OSHA changes are coming. And even though they won’t be effective until December 2015, all medical practices were to have been trained on them by Dec. 1 of this year.
The changes revolve around the Hazard Communication Standard, that is, the way in which the identity and hazards of chemicals are communicated to those handling them. That means things like product labels, material safety data sheets (soon to be know simply as safety data sheets, or SDS) and employee manuals.
The changes are occurring so that the Hazard Communication Standard can be aligned with the Globally Harmonized System (GHS) of Classification and Labeling of Chemicals.
The three major areas of change are:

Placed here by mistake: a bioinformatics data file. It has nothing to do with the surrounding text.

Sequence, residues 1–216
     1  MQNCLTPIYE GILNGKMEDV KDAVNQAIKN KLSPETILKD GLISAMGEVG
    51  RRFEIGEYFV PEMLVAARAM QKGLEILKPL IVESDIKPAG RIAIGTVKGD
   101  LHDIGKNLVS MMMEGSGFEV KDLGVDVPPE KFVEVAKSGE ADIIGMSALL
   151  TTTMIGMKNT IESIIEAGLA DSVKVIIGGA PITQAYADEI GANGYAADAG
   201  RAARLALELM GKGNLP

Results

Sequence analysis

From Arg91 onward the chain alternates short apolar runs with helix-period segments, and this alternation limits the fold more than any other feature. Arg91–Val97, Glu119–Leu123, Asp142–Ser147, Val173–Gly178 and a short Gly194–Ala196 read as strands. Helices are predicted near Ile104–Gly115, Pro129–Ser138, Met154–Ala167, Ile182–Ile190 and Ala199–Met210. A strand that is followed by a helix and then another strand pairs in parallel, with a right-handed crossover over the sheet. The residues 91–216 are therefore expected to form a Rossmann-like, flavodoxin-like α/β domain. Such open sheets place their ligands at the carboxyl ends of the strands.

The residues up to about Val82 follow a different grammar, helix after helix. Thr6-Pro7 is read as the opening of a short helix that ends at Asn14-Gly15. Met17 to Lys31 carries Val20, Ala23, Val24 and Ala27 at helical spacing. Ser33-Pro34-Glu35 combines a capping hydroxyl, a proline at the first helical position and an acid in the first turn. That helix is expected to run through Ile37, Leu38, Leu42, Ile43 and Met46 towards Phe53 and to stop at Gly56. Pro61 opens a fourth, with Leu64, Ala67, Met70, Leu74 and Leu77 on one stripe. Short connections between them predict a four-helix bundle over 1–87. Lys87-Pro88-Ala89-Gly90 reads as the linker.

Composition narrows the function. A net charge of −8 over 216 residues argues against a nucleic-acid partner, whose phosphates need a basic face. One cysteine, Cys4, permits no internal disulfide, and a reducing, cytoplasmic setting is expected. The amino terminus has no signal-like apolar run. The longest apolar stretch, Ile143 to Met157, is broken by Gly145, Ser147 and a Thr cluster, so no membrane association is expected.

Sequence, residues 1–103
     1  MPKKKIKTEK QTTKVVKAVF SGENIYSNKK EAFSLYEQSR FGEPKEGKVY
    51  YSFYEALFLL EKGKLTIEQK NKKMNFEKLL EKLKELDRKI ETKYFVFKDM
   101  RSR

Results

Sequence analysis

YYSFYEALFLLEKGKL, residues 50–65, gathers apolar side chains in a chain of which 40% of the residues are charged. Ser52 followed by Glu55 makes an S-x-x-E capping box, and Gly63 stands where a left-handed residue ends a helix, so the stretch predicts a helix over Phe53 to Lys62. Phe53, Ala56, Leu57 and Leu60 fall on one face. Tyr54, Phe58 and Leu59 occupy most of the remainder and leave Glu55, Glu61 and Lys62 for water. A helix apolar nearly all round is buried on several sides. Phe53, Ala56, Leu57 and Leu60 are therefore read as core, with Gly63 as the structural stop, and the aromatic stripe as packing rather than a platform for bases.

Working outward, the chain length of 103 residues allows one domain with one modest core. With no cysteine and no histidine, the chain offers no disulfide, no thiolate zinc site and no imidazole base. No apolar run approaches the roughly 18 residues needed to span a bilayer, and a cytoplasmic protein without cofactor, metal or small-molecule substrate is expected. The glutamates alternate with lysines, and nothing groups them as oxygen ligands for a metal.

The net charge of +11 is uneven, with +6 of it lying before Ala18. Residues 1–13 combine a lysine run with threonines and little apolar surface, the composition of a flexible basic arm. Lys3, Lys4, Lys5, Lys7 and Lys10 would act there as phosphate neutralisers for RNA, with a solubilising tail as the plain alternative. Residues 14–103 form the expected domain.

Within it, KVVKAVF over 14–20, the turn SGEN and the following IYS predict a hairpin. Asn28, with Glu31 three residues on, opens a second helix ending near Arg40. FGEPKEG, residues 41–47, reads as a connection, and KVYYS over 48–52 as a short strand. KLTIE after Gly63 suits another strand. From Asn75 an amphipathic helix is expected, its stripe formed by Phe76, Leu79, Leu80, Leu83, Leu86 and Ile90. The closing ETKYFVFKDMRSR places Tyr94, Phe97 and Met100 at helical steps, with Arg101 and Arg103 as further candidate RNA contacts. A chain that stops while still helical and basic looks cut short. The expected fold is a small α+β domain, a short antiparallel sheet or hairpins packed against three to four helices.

- Hazard classification: The definitions of “hazard” have been changed to provide specific criteria for classification of health and physical hazards, as well as classification of mixtures.
- Labels: Chemical manufacturers and importers will be required to provide a label that includes a harmonized signal word, pictogram, and hazard statement for each hazard class and category. Precautionary statements must also be provided.
- Safety Data Sheets: Will now have a specified 16-section format.
Read more in the December issue of Repertoire